I second the cheers!
      It's a great template. Just shift around a few words and you have your basic statement of any oppressive ideology!
      Try it out! Works for a whole bunch of them....
      Read it out loud, to yourself or a friend!
      Sit for one minute, and marinate in the implications.
      Yum.

      Delete
    3. NGd - great comment! How easy is it for many to defend something just because "we've always done it this way".

      Delete
  21. Dawkin's is at the front of rational and ethical thought? That's news to me.

    ReplyDelete
  22. I honestly do not believe that logic will ever bring about a system of morals. Why should murder be wrong under an evolutionary point of view? Is not the story of man's existence nature "red in tooth and claw?" If it is not logic, but subjective feelings that give morality its meaning, how shall we say that one system of morality is superior to another?
    Youtube: Ravi Zacharias "What if I don't need God"

    ReplyDelete
    Replies
    1. Perhaps it isn't a question of morality, just a question of game theory. If a person chooses to kill another person, what is to stop that person's family from retaliating. If a human chooses to kill a member of a different species, (dominance in terms of intelligence preventing that species from retaliating) when humans come into contact with alien species with superior technology, how will we justify not wishing to be enslaved by them?

      Delete
  23. Great article, and a great analysis. I love Dawkins' work but for better or worse I find myself in the same position now as him; I'm beginning to truly understand all the ethics about and specifically against eating meat... but it's something very difficult to break, a little like a drug user who realizes that they're digging their own grave but can't stop. At this point, especially in college, I don't think I even have a practical substitute available to replace all the nutrients, but I have decided to at least cut back on eating meat as I'm able to. Maybe I'll become a vegetarian someday, but for now, I'll have to take baby steps :P

    ReplyDelete
  24. If Harris says he felt weaker, then he did. I don't think you can just claim to know that his diet in no way affected his work, which, weighing the pros and cons, is far more valuable than his vegetarianism or lack of thereof.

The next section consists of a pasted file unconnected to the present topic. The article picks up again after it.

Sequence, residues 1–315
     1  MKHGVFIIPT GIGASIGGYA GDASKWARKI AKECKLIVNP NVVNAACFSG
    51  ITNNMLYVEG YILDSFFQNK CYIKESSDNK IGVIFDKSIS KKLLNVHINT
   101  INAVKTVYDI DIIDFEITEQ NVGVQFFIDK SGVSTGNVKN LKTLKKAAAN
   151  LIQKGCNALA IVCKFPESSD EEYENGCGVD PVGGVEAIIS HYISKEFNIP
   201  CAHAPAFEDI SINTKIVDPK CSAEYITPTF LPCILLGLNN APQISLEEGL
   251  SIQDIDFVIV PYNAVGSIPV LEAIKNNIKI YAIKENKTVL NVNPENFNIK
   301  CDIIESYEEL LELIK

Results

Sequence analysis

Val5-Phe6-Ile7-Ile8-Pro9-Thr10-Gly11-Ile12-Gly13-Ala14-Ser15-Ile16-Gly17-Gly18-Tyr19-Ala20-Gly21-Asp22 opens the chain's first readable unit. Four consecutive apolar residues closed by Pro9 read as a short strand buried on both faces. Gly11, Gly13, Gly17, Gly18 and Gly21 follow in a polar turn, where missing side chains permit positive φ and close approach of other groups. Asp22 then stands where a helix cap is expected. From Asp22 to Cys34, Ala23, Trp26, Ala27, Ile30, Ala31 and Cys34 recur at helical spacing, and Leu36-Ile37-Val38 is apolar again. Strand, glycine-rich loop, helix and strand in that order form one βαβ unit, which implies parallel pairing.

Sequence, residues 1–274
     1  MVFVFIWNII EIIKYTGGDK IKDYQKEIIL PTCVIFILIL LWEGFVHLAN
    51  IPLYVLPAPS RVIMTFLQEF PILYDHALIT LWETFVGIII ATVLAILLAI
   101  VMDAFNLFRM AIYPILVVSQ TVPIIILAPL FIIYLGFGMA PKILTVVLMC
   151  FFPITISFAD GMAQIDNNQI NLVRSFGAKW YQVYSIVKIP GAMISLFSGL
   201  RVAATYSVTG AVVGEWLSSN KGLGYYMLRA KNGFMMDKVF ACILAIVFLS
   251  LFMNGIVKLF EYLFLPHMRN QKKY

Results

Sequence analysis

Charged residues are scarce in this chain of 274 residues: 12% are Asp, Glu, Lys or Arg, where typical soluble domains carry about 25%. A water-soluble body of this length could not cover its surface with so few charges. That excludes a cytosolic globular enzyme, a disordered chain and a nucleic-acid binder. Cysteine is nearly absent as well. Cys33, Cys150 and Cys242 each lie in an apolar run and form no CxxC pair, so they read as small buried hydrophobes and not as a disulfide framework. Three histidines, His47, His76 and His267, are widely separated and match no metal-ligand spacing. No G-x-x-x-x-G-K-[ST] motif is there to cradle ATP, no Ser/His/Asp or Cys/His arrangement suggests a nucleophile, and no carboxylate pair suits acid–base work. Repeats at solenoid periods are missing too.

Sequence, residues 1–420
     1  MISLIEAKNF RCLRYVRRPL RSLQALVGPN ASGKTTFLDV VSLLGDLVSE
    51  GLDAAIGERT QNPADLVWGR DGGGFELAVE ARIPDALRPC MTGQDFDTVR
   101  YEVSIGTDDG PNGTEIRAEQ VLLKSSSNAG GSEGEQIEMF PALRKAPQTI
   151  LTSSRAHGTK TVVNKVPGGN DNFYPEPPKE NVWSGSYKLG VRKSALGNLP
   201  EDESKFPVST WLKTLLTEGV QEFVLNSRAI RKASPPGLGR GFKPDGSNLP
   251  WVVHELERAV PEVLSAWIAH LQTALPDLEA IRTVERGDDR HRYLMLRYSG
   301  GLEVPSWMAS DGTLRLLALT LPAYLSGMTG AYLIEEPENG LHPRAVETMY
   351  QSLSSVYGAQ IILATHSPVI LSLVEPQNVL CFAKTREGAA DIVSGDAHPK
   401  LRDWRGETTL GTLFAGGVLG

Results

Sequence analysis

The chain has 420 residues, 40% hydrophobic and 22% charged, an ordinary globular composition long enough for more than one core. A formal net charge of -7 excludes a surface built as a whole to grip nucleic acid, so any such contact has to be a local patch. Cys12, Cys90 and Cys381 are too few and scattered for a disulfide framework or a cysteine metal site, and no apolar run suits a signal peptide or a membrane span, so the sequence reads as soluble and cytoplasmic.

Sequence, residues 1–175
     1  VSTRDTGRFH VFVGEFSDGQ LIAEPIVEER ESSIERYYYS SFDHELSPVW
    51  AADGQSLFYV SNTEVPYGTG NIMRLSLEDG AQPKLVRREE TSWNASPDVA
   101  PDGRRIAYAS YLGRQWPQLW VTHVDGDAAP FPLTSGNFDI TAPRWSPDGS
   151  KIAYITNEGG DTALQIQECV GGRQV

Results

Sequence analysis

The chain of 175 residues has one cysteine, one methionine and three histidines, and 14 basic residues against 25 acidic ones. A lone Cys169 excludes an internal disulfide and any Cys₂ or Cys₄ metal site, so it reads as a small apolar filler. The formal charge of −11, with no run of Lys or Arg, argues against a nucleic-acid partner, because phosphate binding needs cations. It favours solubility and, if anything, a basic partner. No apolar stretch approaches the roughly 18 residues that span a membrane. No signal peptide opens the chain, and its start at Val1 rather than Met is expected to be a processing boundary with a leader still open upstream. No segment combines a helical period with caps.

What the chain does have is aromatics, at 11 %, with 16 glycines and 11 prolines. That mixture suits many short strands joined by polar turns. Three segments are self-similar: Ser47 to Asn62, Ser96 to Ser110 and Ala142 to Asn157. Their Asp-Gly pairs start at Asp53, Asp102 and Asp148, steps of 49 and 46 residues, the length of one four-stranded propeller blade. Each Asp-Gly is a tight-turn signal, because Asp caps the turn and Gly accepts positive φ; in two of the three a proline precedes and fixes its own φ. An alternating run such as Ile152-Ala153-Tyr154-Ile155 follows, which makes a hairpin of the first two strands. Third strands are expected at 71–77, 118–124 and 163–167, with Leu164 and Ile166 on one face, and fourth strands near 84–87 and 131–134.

That being said, I am considering being a vegetarian myself. I don't think your counter-arguments here were very strong, but it was an interesting read and I'll have a look at the rest of the website! :)

    ReplyDelete
  25. Thank you for writing and sharing this. It is probably the most genuine and respectful conversations I've read in support of veganism. I was also very impressed by that most of the comments are respectful, reasonable and intelligent, which is extremely rare on the Internet. After being moderately non-vegan for decades, I evolved into a near vegan, though I occasionally do yield to seafood or succumb to the odd forbidden treat. This article helps hugely in refocusing me and renewing my motivation to continuing along the vegan path, which I'm convinced is right. I'm a huge fan of Dawkins and also agree with a lot of what Sam Harris says. Curiosity about the food choices of the likes of Dawkins and Hitchens brought me to this article. I'm glad to note that while I'm not surprising at their human failings, I'm heartened that their excuses for eating vegan, while weak, are nowhere as ridiculous or flippant as what I hear from the average person. Thanks again.

    ReplyDelete
  26. Hi Tobias, very well written.

    We can and should be a vegetarian, but we should no longer ignore the 'blind spot' of consuming milk, eggs, leather, etc and be part of the cruelty it entails.
    I do believe that being human is different than most animals (an argument consumers of animal products so passionately make), however I believe that it is so - in the sense that we can actively show compassion to other species. Thus I believe it is our moral duty and obligation to show this virtue - the quality that makes us different. In other words - while meat consumers think we should or can eat meat because we are different from them should refrain from eating meat for that VERY reason - we are different.
    Future generations - will look back - and think of us collectively as no different than the people who brought Nazi party into power. (Please note, I am not comparing them to Nazi people, rather I am comparing them to the German civilians of that time) The people who got Hitler into power democratically; the people who did not protest his ways as activists - Many of those people were aware of his attitude towards jewish people, gays, disabled, etc however they 'went along' with it - the same way Richard Dawkins and Sam Harris sadly do.

    “Be the change that you wish to see in the world.” - Gandhi

    ReplyDelete
    Replies
    1. this is phenomenal and quite dramatically in line with my everyday thinking.

      Delete
  27. 1. There is nowadays in industrialized nations no need to kill animals for food. We have alternatives and supplements to satisfy our needs.
    2. Therefore enslaving animals to our appetites is no more moral than enslaving people to our need for labor.
    3. Future generations will surely say, "Why didn't they see it was wrong?"

    ReplyDelete